Obstacles and Suggested Solutions for Integrating Technology Into the Content Area

Integrating technology has continued to be a challenge for many educators as they find it difficult to find the time and expertise to create the instructional materials necessary to create quality instructional materials. This is combined with the still lingering issues of having enough technology available to accommodate a classroom or thirty or more students. These challenges become even more difficult when you are trying to utilize technology for you ELL students.
“ELL teachers regularly employ a variety of specialized and unique teaching strategies and best practices aimed at helping their students acquire English and thrive academically (Knutson & Graphite, n.d.).” For ELL teachers, finding technology apps is a very difficult challenge. For my project, I created a lesson for second grade students learning about place value in math. While there was a never ending supply of apps and online resources for traditional students, it was almost impossible to find resources for ELL students. In most cases I had to choose tools that most appropriate based on how they worked. I selected online tools that worked more with manipulatives and visuals, rather than those more dependent on language. One of the most important things for ELL students to grasp is the vocabulary involved in a lesson, but this was one of the things not included within the learning tools available online. Quality tools not being available though is just one of the major issues in technology use for ELL students.
According to Robertson, there are five areas that still pose a major challenge to teachers working with ELL students. This includes language, limited access, different levels of experience, school infrastructure, and being able to keep up. (Robertson, n.d.) While ELL students are already trying to get up to speed on learning a second language they also need to know the language of technology use in order to be able to effectively use the tools. (Robertson, n.d.) Learning the tools can be very difficult since many ELL students do not have access to technology when they go home. They may not be as familiar with alternative ways to access computer or internet services like non ELL students are. (Robertson, n.d.) ELL students also have much more varying degrees of experience with technology. You may have students who are “sitting in front of a computer for the first time. This requires that teachers develop their own ability to differentiate technology instruction for their students” in addition to the instructional differentiation they are already doing for the content being taught (Robertson, n.d.). “While many schools across the country have invested heavily in technical infrastructure and equipment, many have not – including numerous schools serving ELLs (Robertson, n.d.).” Lastly, even when you school has the technology available, it is very difficult for teachers to keep up with the newest best practices and tools for integrating technology into the classroom while also keeping up with everything for the rest of the classroom. (Robertson, n.d.).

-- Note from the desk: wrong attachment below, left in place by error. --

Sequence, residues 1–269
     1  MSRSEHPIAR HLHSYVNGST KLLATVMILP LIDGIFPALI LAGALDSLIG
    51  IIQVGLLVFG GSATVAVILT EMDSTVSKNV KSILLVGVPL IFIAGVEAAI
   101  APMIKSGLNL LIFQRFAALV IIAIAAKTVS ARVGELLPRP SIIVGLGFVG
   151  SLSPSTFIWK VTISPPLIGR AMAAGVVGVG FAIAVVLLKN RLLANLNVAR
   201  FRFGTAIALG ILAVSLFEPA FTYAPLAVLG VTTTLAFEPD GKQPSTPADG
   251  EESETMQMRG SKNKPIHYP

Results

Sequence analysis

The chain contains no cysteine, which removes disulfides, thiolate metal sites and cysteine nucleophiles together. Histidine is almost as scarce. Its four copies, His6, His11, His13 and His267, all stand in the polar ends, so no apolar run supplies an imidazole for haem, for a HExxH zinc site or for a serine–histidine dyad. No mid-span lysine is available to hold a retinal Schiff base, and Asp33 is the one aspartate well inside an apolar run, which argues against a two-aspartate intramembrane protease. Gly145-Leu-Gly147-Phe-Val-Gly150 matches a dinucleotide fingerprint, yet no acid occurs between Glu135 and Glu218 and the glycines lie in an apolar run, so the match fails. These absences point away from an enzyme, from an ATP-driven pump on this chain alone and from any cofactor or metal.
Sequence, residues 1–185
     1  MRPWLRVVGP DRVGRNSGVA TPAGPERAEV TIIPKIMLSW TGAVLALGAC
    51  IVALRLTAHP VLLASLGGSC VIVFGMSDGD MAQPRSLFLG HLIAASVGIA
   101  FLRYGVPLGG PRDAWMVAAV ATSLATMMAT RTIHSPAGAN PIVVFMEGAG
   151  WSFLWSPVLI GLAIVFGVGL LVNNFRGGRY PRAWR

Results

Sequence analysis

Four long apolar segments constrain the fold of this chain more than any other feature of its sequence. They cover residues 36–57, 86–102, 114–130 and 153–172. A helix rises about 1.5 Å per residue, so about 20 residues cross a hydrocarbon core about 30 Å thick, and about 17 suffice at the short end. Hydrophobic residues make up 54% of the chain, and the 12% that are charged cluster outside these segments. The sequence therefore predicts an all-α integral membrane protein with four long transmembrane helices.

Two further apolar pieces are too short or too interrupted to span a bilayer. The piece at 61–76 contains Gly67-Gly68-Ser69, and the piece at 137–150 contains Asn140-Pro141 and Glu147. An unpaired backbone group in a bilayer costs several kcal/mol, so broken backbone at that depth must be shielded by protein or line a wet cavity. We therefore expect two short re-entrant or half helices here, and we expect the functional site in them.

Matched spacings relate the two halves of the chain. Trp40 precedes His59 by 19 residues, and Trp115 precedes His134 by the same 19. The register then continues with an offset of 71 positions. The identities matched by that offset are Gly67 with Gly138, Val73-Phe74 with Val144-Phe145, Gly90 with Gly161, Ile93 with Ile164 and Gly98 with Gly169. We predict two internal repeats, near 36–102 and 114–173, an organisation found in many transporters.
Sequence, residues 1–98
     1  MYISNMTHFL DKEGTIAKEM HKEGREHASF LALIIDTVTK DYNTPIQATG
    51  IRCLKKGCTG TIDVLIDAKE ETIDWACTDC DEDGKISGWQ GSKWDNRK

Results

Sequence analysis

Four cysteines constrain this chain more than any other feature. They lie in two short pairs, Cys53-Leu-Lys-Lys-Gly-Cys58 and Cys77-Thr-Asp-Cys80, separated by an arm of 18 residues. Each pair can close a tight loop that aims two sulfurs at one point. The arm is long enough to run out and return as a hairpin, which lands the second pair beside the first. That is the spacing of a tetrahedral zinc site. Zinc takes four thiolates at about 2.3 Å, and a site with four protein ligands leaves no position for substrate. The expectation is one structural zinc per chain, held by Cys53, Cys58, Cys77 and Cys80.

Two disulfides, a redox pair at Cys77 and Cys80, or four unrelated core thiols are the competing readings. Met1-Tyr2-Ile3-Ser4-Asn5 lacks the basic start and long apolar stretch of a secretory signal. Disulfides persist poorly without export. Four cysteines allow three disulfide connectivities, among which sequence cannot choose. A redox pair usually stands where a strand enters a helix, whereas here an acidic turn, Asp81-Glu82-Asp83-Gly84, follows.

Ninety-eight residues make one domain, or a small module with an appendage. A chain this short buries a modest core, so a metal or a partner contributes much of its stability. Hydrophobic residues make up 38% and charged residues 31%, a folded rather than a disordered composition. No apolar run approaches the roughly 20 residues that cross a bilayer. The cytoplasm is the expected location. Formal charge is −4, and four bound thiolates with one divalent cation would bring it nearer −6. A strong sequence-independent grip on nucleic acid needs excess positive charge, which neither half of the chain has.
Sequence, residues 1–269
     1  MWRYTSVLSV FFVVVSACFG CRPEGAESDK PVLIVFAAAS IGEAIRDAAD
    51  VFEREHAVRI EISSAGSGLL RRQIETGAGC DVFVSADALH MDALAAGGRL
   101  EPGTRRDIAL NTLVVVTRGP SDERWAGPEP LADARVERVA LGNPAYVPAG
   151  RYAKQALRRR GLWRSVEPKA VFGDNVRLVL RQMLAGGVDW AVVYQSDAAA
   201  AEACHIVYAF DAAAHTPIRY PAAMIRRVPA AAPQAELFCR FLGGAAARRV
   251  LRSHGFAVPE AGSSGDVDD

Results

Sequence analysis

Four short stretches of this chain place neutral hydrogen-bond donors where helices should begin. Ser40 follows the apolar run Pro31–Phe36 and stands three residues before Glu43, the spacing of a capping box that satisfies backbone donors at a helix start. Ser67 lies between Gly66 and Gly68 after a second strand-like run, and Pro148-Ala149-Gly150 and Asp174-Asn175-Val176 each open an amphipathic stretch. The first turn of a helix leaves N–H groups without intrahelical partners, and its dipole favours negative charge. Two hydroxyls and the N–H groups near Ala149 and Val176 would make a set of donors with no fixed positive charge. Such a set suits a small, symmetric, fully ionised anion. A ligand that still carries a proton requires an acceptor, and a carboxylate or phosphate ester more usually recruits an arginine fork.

From my experience in creating my content area lesson, the most effective strategy is to keep in mind the best practices for instructional strategies for ELL students while choosing technology tools to use. ELL students need to be introduced to vocabulary early and have it reinforced often throughout a lesson to make the content more accessible. Using technology that uses virtual manipulatives, which they already use can help make the transition to using them online easier. It’s also important to use the technology tools as often as possible depending on the experience and access level of your students so they can continue to hone their skills in technology use. As for all students, becoming experienced in technology use is absolutely vital for them to become good digital citizens and prepare them for life after school. It’s absolutely imperative in today’s world that all students be fluent with as much technology as possible.

Knutson, J., & Graphite, C. S. (n.d.). Where Do English Language Learners Fit Into the Ed Tech Revolution? Retrieved April 6, 2017, from https://ww2.kqed.org/mindshift/2015/09/14/where-do-english-language-learners-fit-into-the-ed-tech-revolution/
Robertson, K. (n.d.). Preparing ELLs to be 21st-Century Learners | Colorín Colorado. Retrieved April 6, 2017, from http://www.colorincolorado.org/article/preparing-ells-be-21st-century-learners


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